Researchers at the University of Bristol are pioneering the use of virtual reality (VR) as a tool to design the next generation of drug treatments.
The findings, published in the journal PLOS ONE describe how researchers used VR to understand how common medications work on a molecular level.
The commercially available influenza drug Tamiflu (highlighted by a glow) is shown bound to the viral protein it targets, neuraminidase (coloured in purple to yellow). A rendering of a user's VR headset and controllers is presented alongside the protein.
Credit: University of Bristol
Usage Restrictions: Single use only - for use with press release
Many drugs are small molecules, and discovering new drugs involves finding molecules that bind to biological targets like proteins.
In the study, users were able to use VR to 'step inside' proteins and manipulate them, and the drugs binding to them, in atomic detail, using interactive molecular dynamics simulations in VR (iMD-VR).
Using this iMD-VR approach, researchers 'docked' drug molecules into proteins and were able to predict accurately how the drugs bind. Among the systems studied were drugs for flu and HIV.
Professor Adrian Mulholland, from the University of Bristol's Centre for Computational Chemistry, and co-lead of the work, said: "Many drugs work by binding to proteins and stopping them working. For example, by binding to a particular virus protein, a drug can stop the virus from reproducing.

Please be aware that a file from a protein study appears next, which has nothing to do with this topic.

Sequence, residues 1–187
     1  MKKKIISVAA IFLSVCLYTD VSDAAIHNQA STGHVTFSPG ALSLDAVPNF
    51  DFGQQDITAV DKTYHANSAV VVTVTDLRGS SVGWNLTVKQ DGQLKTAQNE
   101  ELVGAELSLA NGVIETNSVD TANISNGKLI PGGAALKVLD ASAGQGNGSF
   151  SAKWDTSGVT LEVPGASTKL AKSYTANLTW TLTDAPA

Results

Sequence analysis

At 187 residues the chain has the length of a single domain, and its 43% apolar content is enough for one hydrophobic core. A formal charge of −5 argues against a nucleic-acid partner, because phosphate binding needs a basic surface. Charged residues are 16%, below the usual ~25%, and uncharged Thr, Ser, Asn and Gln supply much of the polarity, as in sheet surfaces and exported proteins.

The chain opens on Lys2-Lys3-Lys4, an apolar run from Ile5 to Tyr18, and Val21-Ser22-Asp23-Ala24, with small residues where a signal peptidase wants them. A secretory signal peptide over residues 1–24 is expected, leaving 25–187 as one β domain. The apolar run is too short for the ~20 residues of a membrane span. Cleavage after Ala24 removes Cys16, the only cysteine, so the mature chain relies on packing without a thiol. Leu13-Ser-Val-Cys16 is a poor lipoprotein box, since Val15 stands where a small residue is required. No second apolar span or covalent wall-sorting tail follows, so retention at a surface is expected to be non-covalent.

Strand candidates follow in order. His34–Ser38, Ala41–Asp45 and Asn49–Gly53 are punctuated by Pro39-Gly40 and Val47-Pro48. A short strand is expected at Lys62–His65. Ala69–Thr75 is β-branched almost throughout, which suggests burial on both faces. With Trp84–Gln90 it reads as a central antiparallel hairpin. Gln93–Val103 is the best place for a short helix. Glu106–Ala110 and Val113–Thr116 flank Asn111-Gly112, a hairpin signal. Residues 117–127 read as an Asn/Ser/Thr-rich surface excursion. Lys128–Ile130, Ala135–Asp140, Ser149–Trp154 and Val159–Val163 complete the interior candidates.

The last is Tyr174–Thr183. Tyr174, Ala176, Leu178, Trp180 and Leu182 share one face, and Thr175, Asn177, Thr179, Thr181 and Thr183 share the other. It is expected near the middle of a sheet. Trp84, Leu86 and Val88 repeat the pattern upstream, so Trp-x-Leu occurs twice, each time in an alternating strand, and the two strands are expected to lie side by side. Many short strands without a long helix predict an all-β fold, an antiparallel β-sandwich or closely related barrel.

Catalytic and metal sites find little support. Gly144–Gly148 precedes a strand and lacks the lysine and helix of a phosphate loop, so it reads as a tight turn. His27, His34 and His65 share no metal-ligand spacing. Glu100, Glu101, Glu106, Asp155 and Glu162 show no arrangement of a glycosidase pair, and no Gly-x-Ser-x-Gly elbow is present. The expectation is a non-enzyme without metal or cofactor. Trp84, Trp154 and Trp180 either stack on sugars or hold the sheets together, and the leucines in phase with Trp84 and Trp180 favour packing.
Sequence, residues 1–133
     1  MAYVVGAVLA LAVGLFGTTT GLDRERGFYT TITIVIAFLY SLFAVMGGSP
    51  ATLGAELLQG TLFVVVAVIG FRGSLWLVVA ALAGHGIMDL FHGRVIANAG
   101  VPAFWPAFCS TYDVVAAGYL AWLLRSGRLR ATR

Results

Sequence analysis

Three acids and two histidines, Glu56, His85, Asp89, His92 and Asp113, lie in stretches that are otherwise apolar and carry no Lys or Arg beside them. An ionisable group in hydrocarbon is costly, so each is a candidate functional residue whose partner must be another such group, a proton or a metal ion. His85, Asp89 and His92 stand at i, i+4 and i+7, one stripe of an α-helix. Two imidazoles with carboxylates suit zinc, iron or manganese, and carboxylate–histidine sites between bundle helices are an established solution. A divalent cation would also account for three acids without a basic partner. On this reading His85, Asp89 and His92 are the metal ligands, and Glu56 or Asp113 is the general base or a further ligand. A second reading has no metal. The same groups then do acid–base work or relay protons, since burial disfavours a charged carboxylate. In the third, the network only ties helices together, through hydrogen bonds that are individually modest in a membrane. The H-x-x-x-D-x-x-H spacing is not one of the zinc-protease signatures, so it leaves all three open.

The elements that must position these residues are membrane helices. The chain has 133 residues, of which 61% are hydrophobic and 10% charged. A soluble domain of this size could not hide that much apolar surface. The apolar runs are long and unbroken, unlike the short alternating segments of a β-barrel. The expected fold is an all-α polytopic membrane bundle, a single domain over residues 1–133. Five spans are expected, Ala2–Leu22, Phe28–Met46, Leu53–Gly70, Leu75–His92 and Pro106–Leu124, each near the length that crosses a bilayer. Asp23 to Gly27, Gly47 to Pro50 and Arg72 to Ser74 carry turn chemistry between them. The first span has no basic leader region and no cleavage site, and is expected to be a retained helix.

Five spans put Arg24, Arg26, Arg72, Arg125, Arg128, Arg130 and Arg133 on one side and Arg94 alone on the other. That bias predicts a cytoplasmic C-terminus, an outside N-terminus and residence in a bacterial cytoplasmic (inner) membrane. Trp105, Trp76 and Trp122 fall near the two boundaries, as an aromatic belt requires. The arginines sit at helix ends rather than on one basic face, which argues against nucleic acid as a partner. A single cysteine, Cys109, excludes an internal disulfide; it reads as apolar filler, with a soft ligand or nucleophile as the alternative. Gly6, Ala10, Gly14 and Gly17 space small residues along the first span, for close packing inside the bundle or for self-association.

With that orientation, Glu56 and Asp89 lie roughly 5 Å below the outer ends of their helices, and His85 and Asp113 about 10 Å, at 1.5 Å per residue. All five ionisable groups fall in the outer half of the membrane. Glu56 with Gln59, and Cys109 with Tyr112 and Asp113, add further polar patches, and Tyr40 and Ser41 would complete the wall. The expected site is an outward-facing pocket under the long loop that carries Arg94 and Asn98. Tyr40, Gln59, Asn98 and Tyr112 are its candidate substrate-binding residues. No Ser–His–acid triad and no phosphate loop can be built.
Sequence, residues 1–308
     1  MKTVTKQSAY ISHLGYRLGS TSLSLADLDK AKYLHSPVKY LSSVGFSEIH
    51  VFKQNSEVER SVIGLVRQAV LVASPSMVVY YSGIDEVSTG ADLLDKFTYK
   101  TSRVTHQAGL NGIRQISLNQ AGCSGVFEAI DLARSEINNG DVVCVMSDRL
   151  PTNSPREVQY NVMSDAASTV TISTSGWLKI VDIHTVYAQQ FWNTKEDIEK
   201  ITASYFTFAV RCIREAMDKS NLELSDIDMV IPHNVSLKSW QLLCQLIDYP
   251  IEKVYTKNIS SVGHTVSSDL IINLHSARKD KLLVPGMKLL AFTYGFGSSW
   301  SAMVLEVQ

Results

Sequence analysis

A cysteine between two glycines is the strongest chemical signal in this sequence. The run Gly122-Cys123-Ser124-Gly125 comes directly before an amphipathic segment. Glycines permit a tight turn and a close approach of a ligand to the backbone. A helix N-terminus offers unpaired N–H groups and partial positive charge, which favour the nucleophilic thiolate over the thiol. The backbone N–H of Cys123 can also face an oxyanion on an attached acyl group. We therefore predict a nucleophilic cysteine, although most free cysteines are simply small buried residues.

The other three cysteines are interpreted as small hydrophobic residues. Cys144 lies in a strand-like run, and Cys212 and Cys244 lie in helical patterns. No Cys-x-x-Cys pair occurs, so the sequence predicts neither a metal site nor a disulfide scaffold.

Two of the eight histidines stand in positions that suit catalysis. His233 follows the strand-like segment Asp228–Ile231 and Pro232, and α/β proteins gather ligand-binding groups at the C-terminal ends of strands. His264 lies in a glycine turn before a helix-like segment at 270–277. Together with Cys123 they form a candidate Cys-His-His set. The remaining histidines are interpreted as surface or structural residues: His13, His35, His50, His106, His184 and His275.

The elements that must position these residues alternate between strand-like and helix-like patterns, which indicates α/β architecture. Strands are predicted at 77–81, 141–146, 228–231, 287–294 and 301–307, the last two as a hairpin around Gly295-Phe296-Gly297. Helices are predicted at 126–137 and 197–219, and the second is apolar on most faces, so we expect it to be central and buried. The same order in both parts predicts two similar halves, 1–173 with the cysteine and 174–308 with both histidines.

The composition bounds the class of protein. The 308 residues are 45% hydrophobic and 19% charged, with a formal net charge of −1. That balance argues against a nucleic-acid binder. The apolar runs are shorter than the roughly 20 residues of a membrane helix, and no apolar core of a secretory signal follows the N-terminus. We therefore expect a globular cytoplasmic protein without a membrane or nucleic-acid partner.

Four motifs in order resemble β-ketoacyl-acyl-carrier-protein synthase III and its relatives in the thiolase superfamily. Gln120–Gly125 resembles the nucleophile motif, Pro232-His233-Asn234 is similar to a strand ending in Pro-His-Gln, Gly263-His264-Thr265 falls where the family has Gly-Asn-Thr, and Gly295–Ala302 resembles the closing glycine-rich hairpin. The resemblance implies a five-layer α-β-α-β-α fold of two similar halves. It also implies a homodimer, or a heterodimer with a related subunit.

"To bind well, a small molecule drug needs to fit snugly in the protein. An important part of drug discovery is finding small molecules that bind tightly to specific proteins, and understanding what makes them bind tightly, which helps to design better drugs.
"To design new therapies, researchers need to understand how drug molecules fit into their biological targets. To do this, we use VR to represent them as fully three-dimensional objects. Users can then fit a drug within the 'keyhole' of a protein binding site to discover how they fit together."
In the study, users were set the task of binding drugs to protein targets such as influenza neuraminidase and HIV protease.
Tests showed that users were able to predict correctly how the drugs bind to their protein targets. By pulling the drug into the protein, they could build structures that are very similar to the structures of the drug complexes found from experiments.